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Assaulting and “grievously injuring” doctors on duty can result with a 10-year imprisonment or to be fined up to Rs 10 lakh, according to the provisions the draft bill meant to prevent violence against doctors, as told to HT on condition of anonymity.
The draft bill was presented in the second meeting of the 10-member committee constituted by the Union health ministry in the first week of July to inspect the feasibility of getting in a central law to make violence against doctors a criminal offence covered under the Indian Penal Code (IPC) and the Code of Criminal Procedure (CrCP). The committee consistently decided that such a law was needed, and an eight-member subcommittee was also created to draft the bill.
One of the eight-member drafting subcommittee members, said that the most important aspect of the draft bill is the gradation system, which will consider the type of assault and describes the punishment consequently. For example, the minimum punishment would be six months imprisonment and/or Rs 50,000 fine for a simple injury, and the maximum would be five years imprisonment and/or Rs 5 lakh fine. For a serious injury, in which a doctor has to miss work for 20 days, the punishment would be between two years and 10 years and the fine between Rs 2 lakh and Rs 10 lakh.
The bill will make assault on doctors a cognizable, non-bailable offence, said a second person who is a member of the 10-member government panel. Which means a person can be arrested without a warrant and will need to approach the magistrate or court for a bail. The bill does not address injuries that might lead to death as that is already covered under IPC/CrPC.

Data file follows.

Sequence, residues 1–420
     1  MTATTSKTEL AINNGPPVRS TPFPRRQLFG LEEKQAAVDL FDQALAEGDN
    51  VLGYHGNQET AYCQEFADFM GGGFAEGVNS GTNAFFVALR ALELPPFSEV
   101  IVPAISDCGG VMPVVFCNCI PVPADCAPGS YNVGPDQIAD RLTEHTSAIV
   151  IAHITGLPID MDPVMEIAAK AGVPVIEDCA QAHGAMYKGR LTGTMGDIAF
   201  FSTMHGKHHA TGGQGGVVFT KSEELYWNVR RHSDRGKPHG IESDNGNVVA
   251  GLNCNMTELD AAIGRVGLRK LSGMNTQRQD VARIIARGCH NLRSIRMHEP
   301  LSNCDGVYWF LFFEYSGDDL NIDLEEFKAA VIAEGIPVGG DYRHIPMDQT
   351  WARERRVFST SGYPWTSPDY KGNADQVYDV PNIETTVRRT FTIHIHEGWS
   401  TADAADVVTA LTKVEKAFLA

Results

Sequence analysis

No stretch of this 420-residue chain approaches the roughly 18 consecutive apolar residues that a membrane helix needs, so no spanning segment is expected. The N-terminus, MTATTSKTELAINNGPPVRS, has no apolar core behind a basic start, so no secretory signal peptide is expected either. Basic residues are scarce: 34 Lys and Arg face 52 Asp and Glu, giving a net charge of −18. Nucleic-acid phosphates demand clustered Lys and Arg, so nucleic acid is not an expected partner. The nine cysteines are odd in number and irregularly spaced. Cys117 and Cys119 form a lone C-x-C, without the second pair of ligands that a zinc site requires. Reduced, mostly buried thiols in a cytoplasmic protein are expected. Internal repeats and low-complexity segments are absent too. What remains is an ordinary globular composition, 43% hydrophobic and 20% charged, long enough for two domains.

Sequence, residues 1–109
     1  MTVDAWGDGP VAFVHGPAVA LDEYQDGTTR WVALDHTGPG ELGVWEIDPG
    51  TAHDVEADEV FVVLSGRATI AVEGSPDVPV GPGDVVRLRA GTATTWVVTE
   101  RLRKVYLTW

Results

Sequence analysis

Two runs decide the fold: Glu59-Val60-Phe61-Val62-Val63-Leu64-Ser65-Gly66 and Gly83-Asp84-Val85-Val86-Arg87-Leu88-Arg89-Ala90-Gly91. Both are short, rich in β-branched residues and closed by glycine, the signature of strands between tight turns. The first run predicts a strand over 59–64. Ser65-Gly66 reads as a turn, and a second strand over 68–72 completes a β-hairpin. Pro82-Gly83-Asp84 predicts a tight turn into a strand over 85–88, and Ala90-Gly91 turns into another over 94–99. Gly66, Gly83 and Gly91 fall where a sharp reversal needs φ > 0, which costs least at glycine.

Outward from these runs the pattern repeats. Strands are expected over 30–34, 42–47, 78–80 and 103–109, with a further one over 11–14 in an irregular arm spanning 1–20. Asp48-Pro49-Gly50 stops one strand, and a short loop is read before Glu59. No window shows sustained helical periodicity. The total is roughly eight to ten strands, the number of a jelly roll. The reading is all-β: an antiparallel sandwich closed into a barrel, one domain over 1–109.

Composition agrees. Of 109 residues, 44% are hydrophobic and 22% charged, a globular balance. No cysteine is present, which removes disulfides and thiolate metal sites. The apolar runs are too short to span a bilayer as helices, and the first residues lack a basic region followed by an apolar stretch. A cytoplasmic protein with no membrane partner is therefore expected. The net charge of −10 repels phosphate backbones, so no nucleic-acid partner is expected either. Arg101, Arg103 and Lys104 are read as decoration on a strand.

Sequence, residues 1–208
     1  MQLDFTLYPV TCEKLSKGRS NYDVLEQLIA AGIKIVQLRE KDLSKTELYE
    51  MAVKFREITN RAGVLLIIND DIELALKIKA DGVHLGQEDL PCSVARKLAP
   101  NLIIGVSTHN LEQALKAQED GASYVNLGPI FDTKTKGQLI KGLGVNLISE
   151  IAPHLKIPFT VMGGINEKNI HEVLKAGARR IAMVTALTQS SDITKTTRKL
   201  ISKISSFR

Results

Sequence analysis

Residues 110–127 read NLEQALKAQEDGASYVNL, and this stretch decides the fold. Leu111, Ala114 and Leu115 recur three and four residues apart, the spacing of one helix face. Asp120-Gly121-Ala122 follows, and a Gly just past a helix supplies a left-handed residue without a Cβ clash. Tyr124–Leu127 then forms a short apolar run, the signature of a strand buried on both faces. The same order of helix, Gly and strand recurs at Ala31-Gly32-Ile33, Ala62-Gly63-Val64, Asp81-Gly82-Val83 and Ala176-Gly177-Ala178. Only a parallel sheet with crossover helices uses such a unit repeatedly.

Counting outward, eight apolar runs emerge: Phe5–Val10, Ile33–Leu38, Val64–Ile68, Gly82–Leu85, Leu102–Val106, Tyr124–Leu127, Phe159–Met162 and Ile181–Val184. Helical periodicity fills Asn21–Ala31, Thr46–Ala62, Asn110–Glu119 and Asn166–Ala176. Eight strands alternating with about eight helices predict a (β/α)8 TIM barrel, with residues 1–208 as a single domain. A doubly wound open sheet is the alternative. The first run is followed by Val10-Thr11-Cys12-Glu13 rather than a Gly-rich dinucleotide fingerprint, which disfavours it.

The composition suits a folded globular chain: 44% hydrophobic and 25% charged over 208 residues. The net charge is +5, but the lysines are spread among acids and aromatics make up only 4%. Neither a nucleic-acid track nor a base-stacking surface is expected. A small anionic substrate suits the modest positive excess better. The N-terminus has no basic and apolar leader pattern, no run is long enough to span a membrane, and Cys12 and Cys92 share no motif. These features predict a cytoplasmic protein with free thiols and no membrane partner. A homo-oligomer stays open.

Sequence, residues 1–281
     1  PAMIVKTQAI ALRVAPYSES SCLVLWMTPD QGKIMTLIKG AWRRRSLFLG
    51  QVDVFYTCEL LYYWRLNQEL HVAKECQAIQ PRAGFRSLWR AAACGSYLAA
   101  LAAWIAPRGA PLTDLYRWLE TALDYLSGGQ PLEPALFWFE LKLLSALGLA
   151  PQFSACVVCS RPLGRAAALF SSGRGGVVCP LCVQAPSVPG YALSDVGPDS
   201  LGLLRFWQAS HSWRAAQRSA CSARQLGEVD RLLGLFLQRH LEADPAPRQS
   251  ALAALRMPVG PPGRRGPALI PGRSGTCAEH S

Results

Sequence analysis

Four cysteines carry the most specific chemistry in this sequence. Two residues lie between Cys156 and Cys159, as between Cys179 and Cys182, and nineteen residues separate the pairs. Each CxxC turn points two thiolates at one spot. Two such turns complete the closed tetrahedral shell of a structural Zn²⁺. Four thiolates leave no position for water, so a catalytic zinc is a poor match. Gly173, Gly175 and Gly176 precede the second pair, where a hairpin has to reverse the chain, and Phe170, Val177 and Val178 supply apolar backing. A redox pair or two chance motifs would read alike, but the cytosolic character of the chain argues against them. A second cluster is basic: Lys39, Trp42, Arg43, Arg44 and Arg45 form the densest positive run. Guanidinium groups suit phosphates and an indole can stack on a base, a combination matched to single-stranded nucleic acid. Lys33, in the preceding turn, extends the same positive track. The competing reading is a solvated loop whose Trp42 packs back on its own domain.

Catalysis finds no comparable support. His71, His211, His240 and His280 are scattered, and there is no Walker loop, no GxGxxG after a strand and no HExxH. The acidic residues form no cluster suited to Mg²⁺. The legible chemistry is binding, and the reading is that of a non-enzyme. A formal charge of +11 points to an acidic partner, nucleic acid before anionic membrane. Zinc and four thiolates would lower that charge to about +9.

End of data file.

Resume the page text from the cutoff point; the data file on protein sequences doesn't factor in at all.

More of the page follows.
Also, the draft bill does not make provisions for an institutional FIR (first information report), which was a request raised by the Federation of Resident Doctors’ Association (FORDA).
Presently, laws to protect doctors from violence exist in 19 states, including in West Bengal, where doctors had gone on a strike in June after an alleged instance of assault. Thousands of doctors from across the country had joined the protest, pressurizing the central government to form the committee. According to FORDA, there have been no convictions under laws to protect doctors. The central bill will substitute the state acts if it comes in force.
Dr Jateen Ukrani, consulting psychiatrist at PsyCare Neuropsychiatry Centre, Delhi, said that strong laws is only one part of the solution and there are already such laws in 19 states, but there have been no convictions. A strong law will be of no use without action is truly taken.
Ukrani, author of a meta-analysis on violence against doctors published in the Indian Journal of Psychiatry, said that the other part of the solution would be for the government to see the root cause. Also, there is a need for increasing healthcare funding, improving facilities and increasing the number of doctors. This will help the patient to be satisfied and there will be less incidents of violence on doctors.